Many speak of Gen X and Gen Y as “lost generations” destined to “not live as well” as their parents. A new Urban Institute study finds that young people up to the age of 40 haven’t accumulated as much wealth as their parents did at their age. They face a bleak economic future, breaking a pattern of generational advancement.
The numbers may be right, but is the worry warranted? Time always will tell, but let’s say this: Lots of shaky assumptions go into predicting how well today’s young will live, starting with defining what it means to live well. It may be that today’s young people end up living better, way better, than their parents — and by several measures, not just money.
The Urban Institute report focuses on one yardstick: wealth. It states that because investing and savings generate more wealth over the years, losing a decade of accumulation is especially serious.
Several financial setbacks certainly hit young adults hard. Many bought their first homes right before real-estate values collapsed. They may now owe more on their houses than the properties are worth: Their mortgages are “underwater.”
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They may be weighed down with student debt and frustrated by stagnant wages, a phenomenon predating the Great Recession.
Financially stressed young workers have been likened to their grandparents or great-grandparents, whose expectations fell and optimism dimmed in the Great Depression.
That is not an entirely bad thing. The young people scarred by the economic calamity of the 1930s developed habits of thrift and caution that served them quite well in the post-World War II recovery — unlike much of the baby-boom generation.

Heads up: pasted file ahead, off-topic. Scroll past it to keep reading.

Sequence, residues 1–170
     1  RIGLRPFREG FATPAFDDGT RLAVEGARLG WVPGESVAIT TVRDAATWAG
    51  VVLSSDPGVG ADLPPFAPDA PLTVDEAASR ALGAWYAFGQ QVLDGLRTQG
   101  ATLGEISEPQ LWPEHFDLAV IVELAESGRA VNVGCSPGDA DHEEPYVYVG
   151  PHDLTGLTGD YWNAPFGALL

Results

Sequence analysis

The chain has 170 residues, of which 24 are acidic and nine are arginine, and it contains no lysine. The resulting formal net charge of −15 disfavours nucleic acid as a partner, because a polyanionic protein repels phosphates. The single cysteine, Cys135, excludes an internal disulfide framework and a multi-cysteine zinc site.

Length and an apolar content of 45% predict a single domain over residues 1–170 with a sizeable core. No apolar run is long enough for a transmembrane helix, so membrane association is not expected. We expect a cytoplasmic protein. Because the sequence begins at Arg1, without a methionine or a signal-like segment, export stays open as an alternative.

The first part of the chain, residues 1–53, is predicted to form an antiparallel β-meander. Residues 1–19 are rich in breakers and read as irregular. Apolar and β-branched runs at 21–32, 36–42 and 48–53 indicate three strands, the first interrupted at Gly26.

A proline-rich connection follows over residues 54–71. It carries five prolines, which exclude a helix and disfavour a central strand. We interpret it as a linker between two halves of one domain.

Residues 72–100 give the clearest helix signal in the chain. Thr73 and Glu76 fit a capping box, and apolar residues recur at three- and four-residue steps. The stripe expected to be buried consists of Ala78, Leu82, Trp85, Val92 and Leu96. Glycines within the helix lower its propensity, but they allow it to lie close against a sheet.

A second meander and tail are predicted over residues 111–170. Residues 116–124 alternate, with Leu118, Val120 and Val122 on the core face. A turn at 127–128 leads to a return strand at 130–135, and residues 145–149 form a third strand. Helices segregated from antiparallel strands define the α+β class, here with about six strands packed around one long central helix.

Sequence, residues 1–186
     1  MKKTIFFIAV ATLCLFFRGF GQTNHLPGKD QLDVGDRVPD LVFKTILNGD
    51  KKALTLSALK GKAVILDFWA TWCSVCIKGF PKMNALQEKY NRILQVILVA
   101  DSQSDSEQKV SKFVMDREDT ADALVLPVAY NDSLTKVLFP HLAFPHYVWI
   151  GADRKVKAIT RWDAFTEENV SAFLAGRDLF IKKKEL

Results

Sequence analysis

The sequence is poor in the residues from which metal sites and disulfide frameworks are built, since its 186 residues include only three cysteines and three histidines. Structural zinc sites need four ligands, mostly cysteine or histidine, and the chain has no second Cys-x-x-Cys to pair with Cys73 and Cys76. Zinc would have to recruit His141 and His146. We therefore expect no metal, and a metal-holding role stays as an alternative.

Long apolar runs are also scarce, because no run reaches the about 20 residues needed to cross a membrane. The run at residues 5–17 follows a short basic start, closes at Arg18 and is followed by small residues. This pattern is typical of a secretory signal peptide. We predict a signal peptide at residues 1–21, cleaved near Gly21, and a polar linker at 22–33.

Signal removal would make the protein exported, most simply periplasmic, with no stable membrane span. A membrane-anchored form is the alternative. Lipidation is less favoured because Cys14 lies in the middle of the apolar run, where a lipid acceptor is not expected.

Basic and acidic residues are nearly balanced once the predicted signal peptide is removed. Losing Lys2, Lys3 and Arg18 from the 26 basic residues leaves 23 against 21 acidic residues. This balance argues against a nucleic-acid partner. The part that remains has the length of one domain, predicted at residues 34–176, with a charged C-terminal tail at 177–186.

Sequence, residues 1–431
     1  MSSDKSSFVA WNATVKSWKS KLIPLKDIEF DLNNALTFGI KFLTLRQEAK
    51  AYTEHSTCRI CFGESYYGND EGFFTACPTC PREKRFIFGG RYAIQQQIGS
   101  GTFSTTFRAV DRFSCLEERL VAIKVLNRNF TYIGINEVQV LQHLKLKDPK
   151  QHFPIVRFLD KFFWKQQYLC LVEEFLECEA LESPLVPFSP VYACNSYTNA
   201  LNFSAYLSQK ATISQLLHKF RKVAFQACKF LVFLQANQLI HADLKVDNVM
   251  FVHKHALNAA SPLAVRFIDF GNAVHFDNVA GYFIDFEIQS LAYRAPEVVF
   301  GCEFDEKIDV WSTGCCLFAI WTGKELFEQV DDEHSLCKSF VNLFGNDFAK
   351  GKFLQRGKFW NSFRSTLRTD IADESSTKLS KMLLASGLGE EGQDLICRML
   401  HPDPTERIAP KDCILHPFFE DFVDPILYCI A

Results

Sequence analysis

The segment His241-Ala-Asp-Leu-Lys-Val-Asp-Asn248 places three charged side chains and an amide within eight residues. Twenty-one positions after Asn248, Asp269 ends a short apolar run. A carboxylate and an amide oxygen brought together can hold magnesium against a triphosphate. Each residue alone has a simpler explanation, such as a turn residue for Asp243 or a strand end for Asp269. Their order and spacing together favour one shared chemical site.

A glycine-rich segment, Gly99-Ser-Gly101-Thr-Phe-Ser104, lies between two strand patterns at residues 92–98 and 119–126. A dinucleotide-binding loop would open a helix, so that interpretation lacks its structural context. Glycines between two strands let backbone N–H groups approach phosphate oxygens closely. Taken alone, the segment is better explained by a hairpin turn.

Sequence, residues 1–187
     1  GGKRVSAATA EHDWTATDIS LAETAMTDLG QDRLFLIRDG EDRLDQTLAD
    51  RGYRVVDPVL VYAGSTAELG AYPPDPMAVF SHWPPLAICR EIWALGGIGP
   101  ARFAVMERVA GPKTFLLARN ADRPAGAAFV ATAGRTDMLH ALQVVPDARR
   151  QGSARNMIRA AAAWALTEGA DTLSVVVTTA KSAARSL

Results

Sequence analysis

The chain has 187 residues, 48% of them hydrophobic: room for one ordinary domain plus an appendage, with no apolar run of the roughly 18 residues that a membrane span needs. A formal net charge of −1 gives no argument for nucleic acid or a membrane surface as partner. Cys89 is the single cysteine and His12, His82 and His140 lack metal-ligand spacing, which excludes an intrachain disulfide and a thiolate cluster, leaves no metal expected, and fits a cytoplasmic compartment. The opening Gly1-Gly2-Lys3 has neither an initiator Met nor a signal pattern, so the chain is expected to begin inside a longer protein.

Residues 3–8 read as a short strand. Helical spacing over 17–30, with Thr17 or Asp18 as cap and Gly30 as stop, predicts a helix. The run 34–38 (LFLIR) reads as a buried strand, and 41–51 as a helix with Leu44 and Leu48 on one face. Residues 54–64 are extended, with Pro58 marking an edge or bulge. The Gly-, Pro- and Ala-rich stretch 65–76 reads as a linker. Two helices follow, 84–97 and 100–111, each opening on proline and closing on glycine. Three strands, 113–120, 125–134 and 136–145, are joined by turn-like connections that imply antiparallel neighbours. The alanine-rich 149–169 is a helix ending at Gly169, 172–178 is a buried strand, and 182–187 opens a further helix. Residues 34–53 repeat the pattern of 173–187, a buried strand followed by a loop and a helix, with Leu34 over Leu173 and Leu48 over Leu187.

Middle-aged people traditionally save money and reduce debt for their later years. Many boomers, raised in the age of plenty, did not.
The Center for Economic and Policy Research reported in 2009 that 30 percent of homeowners aged 45 to 54 were underwater on their mortgages. They had feasted off rising home prices. Today’s struggling young people will probably be more careful.
Also, many will have more time to make up for their youthful financial mistakes. Medical progress points to longer and healthier lives, at least for those who take care of themselves. This, like cleaner air, is one of the many marks of living well that don’t easily translate into dollars.
Today, a low-income 55-year-old suffering serious heart disease has a better medical prognosis than did a multimillionaire of the same age and condition in 1960. Who would you say has/had the better life?
Chances are, younger Americans will also be working longer, enjoying perhaps 10 more years of wealth accumulation. (Full-time mothers concerned about losing economic ground in their child-rearing years should think about that.)
But is working longer a step backward? Not necessarily. That would depend on what kind of work you do and the career path you follow.
The common career pattern is illogical. Workers typically advance to the highest level of responsibility as they approach retirement age. Why can’t the line be shaped like a pyramid, rather than the vapor trail of a jet taking off? One could rise in the early years, eventually hit the “top,” then decelerate in terms of stress, hours and pay.
Many of today’s Americans aged 65 and far older would jump at the chance to keep working, just not as hard. Some are even starting small businesses rather than face 25 years of enforced boredom and inadequate income.
Given the choice between more years and more money, most elderly people would choose the years. And years are what the young people have. Pessimism is clearly wasted on the young.
© , The Providence Journal Co.
Providence Journal columnist Froma Harrop’s column appears regularly on editorial pages of The Times. Her email address is firstname.lastname@example.org